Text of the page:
Last season, two of the top four players in receiving yards in the Mountain West were members of the San Jose State Spartans. Those players, Bailey Gaither and Tre Walker, have moved on. They combined for 86 catches, which means a lot of opportunity is on the table, and Nick Starkel is back at quarterback as well. Hamilton is the player expected to step into the number-one receiver role. That's a lot of projection, because he had 13 catches in eight games in 2020. That being said, I also expect his targets to increase significantly.
QB: Jake Haener, Fresno State
Haener transferred over from Washington and in his first season with Fresno State, he managed to throw for over 2,000 yards with 14 touchdowns and five interceptions in only six games. That's quite good. I think Haener will be good again in 2021, but I am not sure he will be quite as good. Six games is not much of a sample size. For him to be ranked so highly is perhaps a bit lofty. When I say "Haener" has bust potential, I mean more along the lines of "He's good but only the fifth-best quarterback in the Mountain West" more than "He's bad."
QB: Sean Chambers, Wyoming
Sadly, Chambers threw all of one pass in 2020 before a broken leg ended his season. The Cowboys have indicated they plan to put Chambers back on top of the depth chart for 2021. Unfortunately, we do have to worry about his health, especially for a quarterback who did so much damage running the ball in 2019. Plus, the man who stepped in for him last season, Levi Williams, is still on the team. If Chambers doesn't look great at first, could Williams take back over as the starter? At the very least, Williams could cut into Chambers snaps.
RB: George Holani, Boise State
Holani is another player returning from a serious injury in 2021. Last season, Andrew Van Buren rushed 111 times for 382 yards and eight touchdowns. He's now third on the depth chart for Boise State. If a guy like that is not even your primary backup, there are options, and the Broncos don't need to ride Holani too hard as he returns from injury. On top of that, Boise State has a new head coach, and who knows who Andy Avalos will prefer as his lead back?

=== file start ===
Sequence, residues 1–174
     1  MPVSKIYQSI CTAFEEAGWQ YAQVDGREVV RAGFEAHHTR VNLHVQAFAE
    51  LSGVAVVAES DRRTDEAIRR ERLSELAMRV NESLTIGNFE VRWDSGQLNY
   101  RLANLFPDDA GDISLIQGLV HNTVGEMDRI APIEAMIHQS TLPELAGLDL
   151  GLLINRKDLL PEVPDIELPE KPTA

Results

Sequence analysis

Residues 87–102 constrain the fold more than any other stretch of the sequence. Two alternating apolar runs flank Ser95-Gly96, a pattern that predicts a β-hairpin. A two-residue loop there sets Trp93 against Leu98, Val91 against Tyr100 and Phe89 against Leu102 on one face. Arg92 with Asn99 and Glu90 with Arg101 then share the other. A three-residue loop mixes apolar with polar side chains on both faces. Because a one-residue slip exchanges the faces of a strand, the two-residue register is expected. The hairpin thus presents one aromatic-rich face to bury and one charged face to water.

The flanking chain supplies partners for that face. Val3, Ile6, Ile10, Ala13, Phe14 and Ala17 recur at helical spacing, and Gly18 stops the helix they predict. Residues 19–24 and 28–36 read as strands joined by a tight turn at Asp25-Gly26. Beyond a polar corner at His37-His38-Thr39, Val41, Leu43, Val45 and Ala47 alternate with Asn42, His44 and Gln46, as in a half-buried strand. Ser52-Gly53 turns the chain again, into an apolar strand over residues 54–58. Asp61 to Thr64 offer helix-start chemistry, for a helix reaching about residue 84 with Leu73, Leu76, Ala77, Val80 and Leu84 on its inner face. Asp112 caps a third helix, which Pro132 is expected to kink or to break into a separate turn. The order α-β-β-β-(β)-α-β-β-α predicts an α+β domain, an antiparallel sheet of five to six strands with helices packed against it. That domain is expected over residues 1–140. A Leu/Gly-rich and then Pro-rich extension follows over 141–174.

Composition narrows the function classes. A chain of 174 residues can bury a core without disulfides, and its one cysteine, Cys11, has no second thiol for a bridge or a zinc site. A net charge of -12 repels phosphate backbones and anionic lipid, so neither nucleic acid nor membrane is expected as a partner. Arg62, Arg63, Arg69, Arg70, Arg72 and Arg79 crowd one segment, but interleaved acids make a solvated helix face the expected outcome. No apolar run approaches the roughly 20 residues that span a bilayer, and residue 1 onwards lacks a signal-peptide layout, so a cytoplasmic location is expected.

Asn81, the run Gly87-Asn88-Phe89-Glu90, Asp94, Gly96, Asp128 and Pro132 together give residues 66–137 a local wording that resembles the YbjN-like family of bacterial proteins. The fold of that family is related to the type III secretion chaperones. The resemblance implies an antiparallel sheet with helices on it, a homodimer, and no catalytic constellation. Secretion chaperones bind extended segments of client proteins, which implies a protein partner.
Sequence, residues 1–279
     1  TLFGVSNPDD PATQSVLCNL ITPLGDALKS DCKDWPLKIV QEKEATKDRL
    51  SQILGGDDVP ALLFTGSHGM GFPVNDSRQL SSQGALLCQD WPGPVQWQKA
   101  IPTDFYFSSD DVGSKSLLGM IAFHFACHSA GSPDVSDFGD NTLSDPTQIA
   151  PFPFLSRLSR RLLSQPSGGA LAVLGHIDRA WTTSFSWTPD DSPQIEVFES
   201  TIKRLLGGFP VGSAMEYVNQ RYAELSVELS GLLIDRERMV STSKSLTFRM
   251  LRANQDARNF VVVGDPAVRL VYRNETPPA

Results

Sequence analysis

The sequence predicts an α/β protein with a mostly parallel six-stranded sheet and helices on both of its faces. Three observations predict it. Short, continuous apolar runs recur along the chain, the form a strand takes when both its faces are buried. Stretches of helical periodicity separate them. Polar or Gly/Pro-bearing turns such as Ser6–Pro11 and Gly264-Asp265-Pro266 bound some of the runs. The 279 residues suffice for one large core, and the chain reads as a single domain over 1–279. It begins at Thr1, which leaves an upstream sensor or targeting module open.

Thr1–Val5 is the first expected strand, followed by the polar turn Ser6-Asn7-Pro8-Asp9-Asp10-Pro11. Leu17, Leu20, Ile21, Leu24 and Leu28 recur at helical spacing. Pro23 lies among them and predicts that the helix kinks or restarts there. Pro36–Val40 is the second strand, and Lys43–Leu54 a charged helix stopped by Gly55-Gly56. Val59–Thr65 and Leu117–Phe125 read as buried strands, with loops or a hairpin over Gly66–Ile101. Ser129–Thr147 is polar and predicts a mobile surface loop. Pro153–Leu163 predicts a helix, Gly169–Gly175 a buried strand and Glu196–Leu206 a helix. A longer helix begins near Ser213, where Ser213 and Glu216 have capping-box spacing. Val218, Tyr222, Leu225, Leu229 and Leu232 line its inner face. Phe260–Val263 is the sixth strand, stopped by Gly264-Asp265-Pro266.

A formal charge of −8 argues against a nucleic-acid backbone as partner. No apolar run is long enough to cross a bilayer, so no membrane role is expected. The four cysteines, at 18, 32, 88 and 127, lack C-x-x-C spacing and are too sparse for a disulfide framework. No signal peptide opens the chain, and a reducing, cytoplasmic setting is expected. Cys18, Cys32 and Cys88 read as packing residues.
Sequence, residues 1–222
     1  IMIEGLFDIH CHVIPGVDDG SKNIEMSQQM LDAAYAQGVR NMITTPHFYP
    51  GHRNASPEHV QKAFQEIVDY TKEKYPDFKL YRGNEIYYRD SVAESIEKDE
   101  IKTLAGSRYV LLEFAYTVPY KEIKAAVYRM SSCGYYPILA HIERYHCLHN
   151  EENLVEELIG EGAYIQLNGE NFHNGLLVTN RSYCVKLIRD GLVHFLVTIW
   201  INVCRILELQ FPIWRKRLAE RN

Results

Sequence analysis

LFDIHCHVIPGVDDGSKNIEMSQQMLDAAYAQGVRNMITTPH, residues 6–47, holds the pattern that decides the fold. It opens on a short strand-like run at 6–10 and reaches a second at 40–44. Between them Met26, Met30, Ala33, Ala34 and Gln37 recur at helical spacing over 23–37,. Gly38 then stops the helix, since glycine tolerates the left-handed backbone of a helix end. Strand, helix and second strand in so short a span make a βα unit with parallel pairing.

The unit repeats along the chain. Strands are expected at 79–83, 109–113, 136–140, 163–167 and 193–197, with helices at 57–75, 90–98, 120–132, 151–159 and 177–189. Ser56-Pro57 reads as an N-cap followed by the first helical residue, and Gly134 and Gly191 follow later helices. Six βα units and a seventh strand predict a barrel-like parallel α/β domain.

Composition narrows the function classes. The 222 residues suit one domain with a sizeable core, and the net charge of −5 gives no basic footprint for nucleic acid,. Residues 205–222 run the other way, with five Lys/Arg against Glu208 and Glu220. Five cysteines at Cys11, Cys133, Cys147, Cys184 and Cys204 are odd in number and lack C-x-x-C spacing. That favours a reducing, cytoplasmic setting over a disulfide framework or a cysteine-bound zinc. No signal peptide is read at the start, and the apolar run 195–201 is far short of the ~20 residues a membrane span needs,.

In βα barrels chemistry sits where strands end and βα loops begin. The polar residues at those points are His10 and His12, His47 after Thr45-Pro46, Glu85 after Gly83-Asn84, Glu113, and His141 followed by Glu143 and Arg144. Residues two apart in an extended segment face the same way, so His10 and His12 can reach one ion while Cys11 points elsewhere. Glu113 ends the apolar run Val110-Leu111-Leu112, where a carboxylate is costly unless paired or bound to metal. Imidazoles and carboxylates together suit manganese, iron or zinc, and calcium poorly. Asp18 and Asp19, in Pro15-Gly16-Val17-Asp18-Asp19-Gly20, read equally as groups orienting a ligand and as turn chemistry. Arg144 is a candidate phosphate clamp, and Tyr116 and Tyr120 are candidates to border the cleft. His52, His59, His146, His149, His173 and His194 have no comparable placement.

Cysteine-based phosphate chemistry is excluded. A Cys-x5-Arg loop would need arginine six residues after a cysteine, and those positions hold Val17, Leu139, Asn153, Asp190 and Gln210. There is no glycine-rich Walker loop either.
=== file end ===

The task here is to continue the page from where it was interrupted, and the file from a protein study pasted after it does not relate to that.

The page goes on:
RB: Devonte Lee, Nevada
In 2018 and 2019, Lee rushed for seven touchdowns. Then, in 2020, he only managed two. Now, you might chalk that up to the shortened season, but Nevada played nine games in 2020. Lee also played in only nine games in 2019. Lee has had to share carries with Toa Taua his entire college career, and Taua has always gotten more carries. Taua led the MWC in rushing yards in 2020, and Lee will have to settle for his backup role again. If he's not getting touchdowns, his fantasy upside is limited.
WR: Jared Smart, Hawaii
Here is one place where Todd Graham, and the particular skills of Cordeiro, might be hurting a player's fantasy value. Smart went from 87 catches for 1,129 yards in 2019 to 36 catches for 320 yards in 2020. Granted, that was in six fewer games. However, Cordeiro rushes more than previous Hawaii quarterbacks. Also, the Rainbow Warriors' top receiver last year was actually running back Calvin Turner, who had 33 catches for 346 yards. Hawaii is still a pass-heavy offense, but it's not as pass-heavy as it used to be, and that's not good for Smart.
WR: Tory Horton, Nevada
As a freshman, Horton had five touchdowns last season. That's good! However, he did that on only 20 catches. That kind of ratio is hard to sustain. Additionally, three of those touchdowns came in one game. Romeo Doubs is the clear top option for Carson Strong, and actually tight end Cole Turner is the second option. Horton will be, at best, the third option in this passing game. Horton should have more skill and experience heading into his second season, and also getting a normal offseason. That being said, if he isn't turning a fourth of his catches into touchdowns his fantasy value will assuredly drop.